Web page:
Tony Kaye’s second film—following the raw but wrenching “American History X” (1998), which Kaye had problems getting into final form (leading to disputes with his producers and distributor, as well as star Edward Norton)—is a similarly uneven but intermittently powerful study of the chaos that reigns in a troubled NYC school. What’s good about it is that it spares nobody—administrators, instructors, students, parents—while avoiding the frequently-repeated sentimental drivel about at-risk kids responding to the encouragement of dedicated, hard-driving mentors. What’s bad is that it’s unable to escape a preachy tone, exacerbated by writer Carl Lund’s tendency to pontificate in direct-address speeches to the audience and by the director’s hyperbolic style. On the other hand, the topicality of the theme can’t be gainsaid, and Adrien Brody’s committed lead performance, along with a stellar supporting cast, brings undeniable intensity to the material.

Brody plays Henry Barthes, a substitute teacher who’s brought to the inner-city school run by harried principal Carol Dearden (Marcia Gay Harden) for a month-long stint in an English classroom. Most of the students are angry, disobedient and contemptuous, and virtually all the staff demoralized and beaten down, including Dearden, who’s being pressured to retire, the powers-that-be looking to close the place down and sell off the property to land-hungry developers.

As Barthes informs us in the excerpts from his direct-to-you speech that periodically interrupt the narrative (along with forbidding bits of blackboard animation depicting the violent ambiance), the only way he’s found to survive the environment is to remain emotionally unconnected from it. But of course he can’t, either on the job or in his personal life. So he’s inevitably drawn to protect and nurture a bright, but overweight and bullied girl named Michelle (Betty Kaye) who—we learn in a quasi-flashback to her home—is verbally abused by her father, too. Meanwhile he’s trying to cope with the long decline of his grandfather (Louis Zorich), suffering from dementia and in a nursing home, even though the old man apparently did something awful in the distant past that led Henry’s mother to kill herself. And Barthes abruptly takes under his wing Erica (Sami Gayle), a young prostitute to whom he gives shelter and tries to rescue—a rather clear instance of his violating the principle of detachment.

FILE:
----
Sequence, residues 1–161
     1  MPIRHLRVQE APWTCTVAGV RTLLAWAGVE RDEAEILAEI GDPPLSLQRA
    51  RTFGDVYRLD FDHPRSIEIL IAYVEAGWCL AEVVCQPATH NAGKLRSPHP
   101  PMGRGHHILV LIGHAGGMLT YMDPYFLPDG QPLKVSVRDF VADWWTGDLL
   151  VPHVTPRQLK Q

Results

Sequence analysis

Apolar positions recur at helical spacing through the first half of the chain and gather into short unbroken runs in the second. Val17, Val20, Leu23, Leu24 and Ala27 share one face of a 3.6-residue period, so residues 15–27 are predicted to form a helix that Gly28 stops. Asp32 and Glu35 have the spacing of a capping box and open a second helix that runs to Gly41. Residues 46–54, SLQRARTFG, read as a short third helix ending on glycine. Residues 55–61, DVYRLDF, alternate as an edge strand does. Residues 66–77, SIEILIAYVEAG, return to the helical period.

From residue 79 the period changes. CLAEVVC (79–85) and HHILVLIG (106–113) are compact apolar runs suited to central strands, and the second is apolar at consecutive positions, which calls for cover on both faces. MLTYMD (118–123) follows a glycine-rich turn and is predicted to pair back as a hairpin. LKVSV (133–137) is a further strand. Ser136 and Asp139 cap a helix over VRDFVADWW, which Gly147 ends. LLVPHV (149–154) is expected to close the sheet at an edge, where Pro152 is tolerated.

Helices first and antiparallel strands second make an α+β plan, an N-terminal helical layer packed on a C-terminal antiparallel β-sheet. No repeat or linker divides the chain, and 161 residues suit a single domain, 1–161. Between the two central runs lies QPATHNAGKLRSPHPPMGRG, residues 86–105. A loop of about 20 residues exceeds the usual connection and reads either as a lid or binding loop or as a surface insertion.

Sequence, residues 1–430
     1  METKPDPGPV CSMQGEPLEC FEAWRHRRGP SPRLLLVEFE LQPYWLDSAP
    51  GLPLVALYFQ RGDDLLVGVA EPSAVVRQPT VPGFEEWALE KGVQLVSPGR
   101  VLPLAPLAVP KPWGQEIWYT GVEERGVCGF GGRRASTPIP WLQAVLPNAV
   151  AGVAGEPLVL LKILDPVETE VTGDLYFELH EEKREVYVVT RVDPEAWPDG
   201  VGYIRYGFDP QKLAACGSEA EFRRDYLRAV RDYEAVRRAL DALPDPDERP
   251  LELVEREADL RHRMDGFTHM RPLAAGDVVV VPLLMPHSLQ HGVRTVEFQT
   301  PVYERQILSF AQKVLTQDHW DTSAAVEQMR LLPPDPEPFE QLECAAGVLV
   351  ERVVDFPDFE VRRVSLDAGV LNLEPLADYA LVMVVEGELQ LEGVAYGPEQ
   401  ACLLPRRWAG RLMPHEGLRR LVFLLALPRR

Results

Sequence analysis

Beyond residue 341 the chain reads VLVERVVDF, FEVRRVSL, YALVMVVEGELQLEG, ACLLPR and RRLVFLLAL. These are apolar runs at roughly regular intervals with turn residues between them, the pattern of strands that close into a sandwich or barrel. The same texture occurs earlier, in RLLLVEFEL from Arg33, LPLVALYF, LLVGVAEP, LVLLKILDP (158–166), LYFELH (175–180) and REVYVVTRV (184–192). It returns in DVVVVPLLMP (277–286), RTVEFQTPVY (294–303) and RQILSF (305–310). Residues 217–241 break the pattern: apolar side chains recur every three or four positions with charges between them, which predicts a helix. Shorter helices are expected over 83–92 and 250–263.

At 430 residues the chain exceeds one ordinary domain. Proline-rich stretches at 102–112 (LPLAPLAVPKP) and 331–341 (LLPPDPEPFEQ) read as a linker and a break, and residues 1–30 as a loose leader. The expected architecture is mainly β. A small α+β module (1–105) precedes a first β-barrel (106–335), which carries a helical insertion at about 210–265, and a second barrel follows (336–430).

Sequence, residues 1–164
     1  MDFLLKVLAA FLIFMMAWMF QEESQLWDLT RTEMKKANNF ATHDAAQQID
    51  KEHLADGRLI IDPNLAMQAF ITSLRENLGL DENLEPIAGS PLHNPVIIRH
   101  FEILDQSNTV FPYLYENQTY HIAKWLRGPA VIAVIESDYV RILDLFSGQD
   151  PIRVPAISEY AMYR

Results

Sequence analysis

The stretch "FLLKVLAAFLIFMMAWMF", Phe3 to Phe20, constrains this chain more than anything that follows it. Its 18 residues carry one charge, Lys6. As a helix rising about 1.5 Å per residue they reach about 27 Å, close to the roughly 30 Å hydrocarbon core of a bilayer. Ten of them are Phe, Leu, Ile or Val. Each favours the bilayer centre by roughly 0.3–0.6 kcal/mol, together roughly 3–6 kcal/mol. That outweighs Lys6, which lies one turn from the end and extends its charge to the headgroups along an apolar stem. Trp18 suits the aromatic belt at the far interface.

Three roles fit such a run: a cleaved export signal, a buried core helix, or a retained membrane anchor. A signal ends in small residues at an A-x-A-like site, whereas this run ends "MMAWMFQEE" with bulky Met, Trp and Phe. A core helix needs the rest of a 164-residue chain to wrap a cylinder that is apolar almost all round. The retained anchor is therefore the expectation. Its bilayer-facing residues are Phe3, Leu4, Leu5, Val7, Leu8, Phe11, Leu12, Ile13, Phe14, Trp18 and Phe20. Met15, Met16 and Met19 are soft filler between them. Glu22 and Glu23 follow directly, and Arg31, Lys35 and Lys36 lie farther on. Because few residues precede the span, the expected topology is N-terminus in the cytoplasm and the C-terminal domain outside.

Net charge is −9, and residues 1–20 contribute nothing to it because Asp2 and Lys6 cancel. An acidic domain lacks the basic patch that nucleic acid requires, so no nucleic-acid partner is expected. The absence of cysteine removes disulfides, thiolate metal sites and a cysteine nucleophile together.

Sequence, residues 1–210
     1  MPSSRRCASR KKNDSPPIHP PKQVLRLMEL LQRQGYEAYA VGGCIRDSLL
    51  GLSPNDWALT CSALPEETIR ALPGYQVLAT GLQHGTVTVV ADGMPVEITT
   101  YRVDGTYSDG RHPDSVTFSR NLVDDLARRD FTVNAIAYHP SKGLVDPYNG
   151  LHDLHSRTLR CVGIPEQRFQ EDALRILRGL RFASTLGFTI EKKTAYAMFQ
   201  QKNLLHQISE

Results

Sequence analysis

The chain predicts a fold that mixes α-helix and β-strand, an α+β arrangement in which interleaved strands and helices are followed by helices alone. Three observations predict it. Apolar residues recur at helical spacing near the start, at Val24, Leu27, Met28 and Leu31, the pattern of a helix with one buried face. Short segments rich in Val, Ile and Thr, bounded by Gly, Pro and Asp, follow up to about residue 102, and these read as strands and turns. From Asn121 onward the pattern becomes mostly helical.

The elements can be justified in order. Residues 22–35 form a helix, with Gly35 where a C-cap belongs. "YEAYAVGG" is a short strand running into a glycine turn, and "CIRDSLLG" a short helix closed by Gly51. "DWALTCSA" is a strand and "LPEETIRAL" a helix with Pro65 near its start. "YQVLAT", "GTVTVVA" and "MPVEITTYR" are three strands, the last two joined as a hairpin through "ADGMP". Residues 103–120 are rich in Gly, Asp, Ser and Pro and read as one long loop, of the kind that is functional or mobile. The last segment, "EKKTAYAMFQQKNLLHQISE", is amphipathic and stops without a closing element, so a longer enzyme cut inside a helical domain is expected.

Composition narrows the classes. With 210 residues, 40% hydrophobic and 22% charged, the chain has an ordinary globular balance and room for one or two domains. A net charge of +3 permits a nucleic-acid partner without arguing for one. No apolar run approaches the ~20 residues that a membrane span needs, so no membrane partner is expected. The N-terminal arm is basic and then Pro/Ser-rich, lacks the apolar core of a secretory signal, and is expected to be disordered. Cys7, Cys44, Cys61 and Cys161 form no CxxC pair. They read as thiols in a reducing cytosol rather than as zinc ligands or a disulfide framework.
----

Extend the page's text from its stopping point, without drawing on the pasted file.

Surrounding Barthes is a sea of angst among his colleagues, played with relish by the likes of Tim Blake Nelson, Christina Hendricks, Lucy Liu, William Petersen and Blythe Danner. All are defeated, and some (Liu and Nelson in particular) are provided with showy scenes to italicize the depth of their disillusionment. In some cases we even follow them home to feel the lack of empathy they find there—Blake’s Mr. Wlatt is as much ignored by his wife and son as by his students, while Dearden is treated by her husband (Bryan Cranston) with sarcasm. The only teacher who’s managed to avoid the professional meltdown is James Caan, as a veteran who combines that sense of detachment Barthes merely talks about with a penchant for mordant humor.

But he’s hardly a hero. Throughout the film Lund’s indictment of a system of education that shortchanges everybody, sometimes with lethal results, is clear, and he finds everyone culpable, though the demanding but clueless parents and angry, contemptuous students (except for the sensitive Michelle) receive less footage than the hapless teachers. But his passion often overcomes his judgment, and his script too often descends into verbal rants and implausibility. The entire Erica episode falls into the latter category, and it’s telling that the only experience that offers Henry a degree of hope and redemption is an off-campus encounter. He may not be able to save a student, but he can rescue a streetwalker.

Rather than moderating Lund’s rage, meanwhile, Kaye italicizes it with cinematic flourishes and overwrought imagery. His volatile, anything-for-an-effect technique gilds the lily, though as his own cameraman (and with the aid of editors Barry Alexander Brown and Geoffrey Richman) he certainly realizes his rather florid vision.

One can agree with Lund and Kaye about the sorry state of public education without overlooking the dramatic inadequacies in their highly-charged portrayal of it in a film that, in line with the title, might itself have benefited from a bit of detachment and restraint.